• The second is the Eastern Canadian accent. It is similar to Newfoundland, but not as thick nor near as fast. This is frequently confused on American television as the Canadian accent, quite incorrectly.
  • The third Canadian accent is the "Quebec" accent. It has a more throaty sound then the Eastern or Central accents.
  • The fourth (and by far the most common) accent in Canada is the central/western accent. Sounding similar to the generic northern U.S. accent, it is spoken by about 60% of the population of Canada.

Within this group there are myriads of smaller regional accents, many sounding anywhere from "American" (though one must hesitate to classify them this way, as there are many differences between the American and Canadian accents) to slightly British (in a few locales in Southern Ontario, as well as Vancouver). Most Canadians, especially those speaking with a Central/Western accent deny they have an accent at all.

United States

Main article: American English

There is great variation among accents of English spoken in the United States; accents are perhaps more variable in the U.S. than in any other English-speaking country besides the United Kingdom. In terms of phonology, flapping may be the only process common to all accents of American English: not all American English accents are rhotic, not all use the "flat A" in words like half and can't, not all have lost the phonemic differentiation between the vowels of father and bother or the vowels of cot and caught or the consonants of wine and whine, and so forth. General American is the name given to the accent used by most TV network announcers and is typical of speech in the Midwest, especially Iowa and adjacent parts of Illinois and Nebraska. General American makes a good reference accent, and a good goal for foreigners learning American English, because it is generally regarded as a "neutral" accent (when most Americans say someone "doesn't have an accent" they mean he or she has a General American accent).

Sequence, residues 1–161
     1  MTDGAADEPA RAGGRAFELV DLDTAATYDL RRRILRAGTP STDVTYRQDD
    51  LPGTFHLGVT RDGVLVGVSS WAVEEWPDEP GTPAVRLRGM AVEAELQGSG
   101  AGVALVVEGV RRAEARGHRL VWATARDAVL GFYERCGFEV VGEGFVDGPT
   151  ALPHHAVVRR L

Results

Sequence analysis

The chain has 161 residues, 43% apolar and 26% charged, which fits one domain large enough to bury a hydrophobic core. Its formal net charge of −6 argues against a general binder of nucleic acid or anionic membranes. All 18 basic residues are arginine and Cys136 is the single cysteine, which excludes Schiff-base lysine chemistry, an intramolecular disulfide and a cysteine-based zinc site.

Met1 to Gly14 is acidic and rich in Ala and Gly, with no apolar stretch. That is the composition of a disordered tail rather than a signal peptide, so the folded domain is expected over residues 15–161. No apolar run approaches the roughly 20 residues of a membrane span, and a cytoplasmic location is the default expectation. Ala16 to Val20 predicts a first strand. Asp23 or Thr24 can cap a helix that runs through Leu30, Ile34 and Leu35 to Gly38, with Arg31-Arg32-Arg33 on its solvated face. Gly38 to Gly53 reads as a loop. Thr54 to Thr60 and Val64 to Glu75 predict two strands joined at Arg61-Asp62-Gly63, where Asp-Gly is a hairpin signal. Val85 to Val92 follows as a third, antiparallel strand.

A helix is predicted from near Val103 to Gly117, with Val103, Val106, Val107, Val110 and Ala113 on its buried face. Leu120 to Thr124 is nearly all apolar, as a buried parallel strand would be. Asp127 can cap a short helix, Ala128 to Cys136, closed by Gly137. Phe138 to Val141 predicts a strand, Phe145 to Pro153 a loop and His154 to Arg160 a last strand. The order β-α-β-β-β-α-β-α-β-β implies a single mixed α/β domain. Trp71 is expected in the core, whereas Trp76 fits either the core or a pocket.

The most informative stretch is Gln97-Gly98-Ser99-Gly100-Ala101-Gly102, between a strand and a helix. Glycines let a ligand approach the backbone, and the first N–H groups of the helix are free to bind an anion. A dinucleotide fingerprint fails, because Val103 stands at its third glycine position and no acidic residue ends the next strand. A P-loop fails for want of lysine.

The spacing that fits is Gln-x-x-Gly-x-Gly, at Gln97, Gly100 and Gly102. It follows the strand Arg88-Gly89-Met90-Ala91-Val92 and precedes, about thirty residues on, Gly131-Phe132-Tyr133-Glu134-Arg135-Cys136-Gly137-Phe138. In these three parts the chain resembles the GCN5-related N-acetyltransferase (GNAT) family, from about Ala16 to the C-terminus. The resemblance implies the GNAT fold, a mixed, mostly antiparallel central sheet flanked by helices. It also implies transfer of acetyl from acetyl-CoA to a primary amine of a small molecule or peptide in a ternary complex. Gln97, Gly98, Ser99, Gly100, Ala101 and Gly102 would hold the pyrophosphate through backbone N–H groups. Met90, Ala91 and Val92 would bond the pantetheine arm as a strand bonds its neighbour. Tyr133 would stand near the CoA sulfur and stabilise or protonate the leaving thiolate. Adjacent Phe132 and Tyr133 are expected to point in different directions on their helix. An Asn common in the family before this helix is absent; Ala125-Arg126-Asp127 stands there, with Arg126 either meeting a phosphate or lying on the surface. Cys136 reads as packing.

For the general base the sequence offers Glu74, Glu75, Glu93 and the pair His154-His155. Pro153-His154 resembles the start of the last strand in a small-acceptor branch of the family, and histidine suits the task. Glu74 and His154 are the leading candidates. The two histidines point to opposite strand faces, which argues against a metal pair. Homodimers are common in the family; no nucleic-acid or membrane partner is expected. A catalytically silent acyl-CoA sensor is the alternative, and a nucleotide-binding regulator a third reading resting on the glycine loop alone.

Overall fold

West Indies

For discussion, see:

Southern Hemisphere


Main article: Australian English

The Australian accent varies between social classes and is sometimes claimed to vary from state to state, though this is disputed (it is more the lexis that varies between states, as well as the pronunciation of certain words, the most cited example being 'castle'). Accents tend to be strongest in the more remote areas. (Note that while there are many similarities between Australian accents and New Zealand ones, there are also a number of differences.)

New Zealand

Main article: New Zealand English